Lillian Gish describes the making of the film in detail in The Movies, Mr. Griffith, and Me. Not only was Gish responsible for directing Remodeling Her Husband in the winter of 1919, but Griffith also left her in charge of building a studio in his absence, while he went on location to shoot another film in Florida. Perhaps if Gish had not been saddled with the excess responsibility of overseeing construction on top of directing her first film, she may not have turned completely against the idea of film directing. Instead, Gish returned to acting and had one of the most famous and long-running careers in Hollywood. In 1970***, she earned the Academy Award for her Life Achievement in films. She was also awarded the American Film Institute’s Lifetime Achievement Award in 1984. Gish pioneered “naturalistic” acting and leaves a formidable legacy in motion picture history. It seems odd that Gish’s one feminist directorial effort is lost, given the fervor with which Griffith is obsessively archived by film historians. ***


Remodeling Her Husband (1920)

*** 1971 – Academy Awards, USA – Honorary Award – For superlative artistry and for distinguished contribution to the progress of motion pictures.

*** Kindly search this website with the key word “remodeling”. The results are conclusive.

Remodeling Her Husband – Photo Gallery

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Metro-Goldwyn Pictures Presentation Book (Australia) 1924

Metro-Goldwyn Pictures Presentation Book (Australia) 1924

The collection of The Museum of Modern Art – Department of Film

During the coming year you will receive from Metro-Goldwyn something like One Hundred first-class productions, most of which I have seen. It is the purpose of this book to give you, by means of pictures and type, some idea of the solidity, strength and progressive policy of Metro-Goldwyn and of the infinite variety and worth of our product—the product, which has, in less than a year of active output placed Metro-Goldwyn pre-eminent in the field.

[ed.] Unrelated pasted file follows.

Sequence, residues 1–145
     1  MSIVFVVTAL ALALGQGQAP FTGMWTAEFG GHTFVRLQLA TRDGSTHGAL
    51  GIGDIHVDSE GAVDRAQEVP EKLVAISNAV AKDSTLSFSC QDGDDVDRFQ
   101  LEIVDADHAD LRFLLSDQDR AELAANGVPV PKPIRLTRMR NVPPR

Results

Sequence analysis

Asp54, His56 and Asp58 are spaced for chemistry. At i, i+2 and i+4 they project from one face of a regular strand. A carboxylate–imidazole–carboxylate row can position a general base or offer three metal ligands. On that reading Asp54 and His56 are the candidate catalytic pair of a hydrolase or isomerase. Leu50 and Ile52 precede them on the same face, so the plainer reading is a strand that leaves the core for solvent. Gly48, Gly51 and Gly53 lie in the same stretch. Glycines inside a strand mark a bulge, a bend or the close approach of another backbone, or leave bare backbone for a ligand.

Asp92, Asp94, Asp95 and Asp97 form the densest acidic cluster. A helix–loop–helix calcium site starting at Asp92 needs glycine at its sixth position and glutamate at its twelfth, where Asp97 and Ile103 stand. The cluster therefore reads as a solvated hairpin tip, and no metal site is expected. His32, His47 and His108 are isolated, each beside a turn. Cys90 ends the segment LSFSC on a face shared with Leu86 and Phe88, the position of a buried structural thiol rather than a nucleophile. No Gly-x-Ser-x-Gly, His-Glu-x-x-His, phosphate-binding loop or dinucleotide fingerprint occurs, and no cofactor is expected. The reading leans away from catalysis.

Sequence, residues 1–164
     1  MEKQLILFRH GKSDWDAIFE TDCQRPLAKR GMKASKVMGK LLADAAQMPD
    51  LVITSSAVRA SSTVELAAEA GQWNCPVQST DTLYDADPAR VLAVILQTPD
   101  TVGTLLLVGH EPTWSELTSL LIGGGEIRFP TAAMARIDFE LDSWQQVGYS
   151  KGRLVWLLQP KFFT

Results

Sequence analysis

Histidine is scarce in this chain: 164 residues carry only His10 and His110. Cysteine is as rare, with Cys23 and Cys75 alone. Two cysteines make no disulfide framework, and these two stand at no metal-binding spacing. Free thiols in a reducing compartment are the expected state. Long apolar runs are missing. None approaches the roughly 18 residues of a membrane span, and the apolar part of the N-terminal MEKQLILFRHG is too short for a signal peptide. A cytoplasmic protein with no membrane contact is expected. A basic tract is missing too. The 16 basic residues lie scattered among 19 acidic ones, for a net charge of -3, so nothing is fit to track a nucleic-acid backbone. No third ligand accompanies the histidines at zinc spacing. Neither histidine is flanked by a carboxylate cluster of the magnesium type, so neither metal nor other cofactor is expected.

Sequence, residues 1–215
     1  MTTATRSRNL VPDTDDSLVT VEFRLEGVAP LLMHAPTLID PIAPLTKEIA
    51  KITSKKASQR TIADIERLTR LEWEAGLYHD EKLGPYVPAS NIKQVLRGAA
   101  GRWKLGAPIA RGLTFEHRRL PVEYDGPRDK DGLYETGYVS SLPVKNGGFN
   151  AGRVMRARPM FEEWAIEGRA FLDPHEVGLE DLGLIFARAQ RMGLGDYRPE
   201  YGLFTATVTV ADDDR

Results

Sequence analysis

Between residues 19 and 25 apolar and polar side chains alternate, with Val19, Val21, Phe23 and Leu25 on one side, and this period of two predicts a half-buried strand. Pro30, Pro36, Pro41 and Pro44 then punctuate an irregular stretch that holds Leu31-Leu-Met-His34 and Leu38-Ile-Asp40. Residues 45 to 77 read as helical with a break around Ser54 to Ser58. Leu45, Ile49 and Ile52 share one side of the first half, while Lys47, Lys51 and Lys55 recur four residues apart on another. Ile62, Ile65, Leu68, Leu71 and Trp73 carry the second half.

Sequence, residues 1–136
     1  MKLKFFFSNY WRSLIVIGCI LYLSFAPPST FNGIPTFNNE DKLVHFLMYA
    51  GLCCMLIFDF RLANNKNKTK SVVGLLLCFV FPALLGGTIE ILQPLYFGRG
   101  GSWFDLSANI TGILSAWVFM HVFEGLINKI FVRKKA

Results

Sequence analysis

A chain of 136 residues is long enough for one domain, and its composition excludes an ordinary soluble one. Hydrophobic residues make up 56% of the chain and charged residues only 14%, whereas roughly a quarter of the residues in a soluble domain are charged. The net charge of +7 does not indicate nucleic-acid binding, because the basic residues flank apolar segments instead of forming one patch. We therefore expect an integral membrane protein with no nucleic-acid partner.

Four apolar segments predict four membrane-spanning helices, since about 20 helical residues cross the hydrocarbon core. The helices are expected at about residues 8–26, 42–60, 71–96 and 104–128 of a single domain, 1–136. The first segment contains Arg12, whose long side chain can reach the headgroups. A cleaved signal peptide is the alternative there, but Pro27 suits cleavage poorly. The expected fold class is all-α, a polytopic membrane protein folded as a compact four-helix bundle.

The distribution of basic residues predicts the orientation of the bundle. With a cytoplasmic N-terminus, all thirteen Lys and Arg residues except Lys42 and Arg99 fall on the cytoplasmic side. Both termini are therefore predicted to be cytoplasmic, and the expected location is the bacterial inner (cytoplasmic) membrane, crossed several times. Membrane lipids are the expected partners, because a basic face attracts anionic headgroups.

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Great War Films (Hearts of the World 1918) – Lawrence J. Quirk 1994

  • The great war films
  • Lawrence J. Quirk 1994
  • A Citadel Press Book Published by Carol Publishing Group
Hearts of the World (Paramount, 1918) – Herald

Hearts of the World 1918


CAST: Lillian Gish, Robert Harron, Dorothy Gish, Josephine Crowell, Jack Cosgrove, Adolphe Lestina, Kate Bruce, Ben Alexander, George Fawcett, George Siegmann.

CREDITS: D. W. Griffith, director; D. W. Griffith (under an assumed name), screenplay; Billy Bitzer, photographer; James and Rose Smith, editors. Running time: 122 minutes.

Hearts Of The World Press Book – The Bride Gish

Established as master of war movies, D. W. Griffith took on World War I in Hearts of the World. It was made at the request of the British government in 1917-18, and is as much a propaganda film as a drama, with much newsreel footage thrown in for good measure. But its leads (Robert Harron, Lillian Gish, and Dorothy Gish), its villain (George Siegmann), and an adorable child actor, Ben Alexander (who was to become a poignant, vulnerable soldier in All Quiet on the Western Front twelve years later), help greatly to put it over. And it also offers a glimpse of Noel Coward, age eighteen, pushing a wheelbarrow through a French village street.

Lillian Gish – Hearts of the World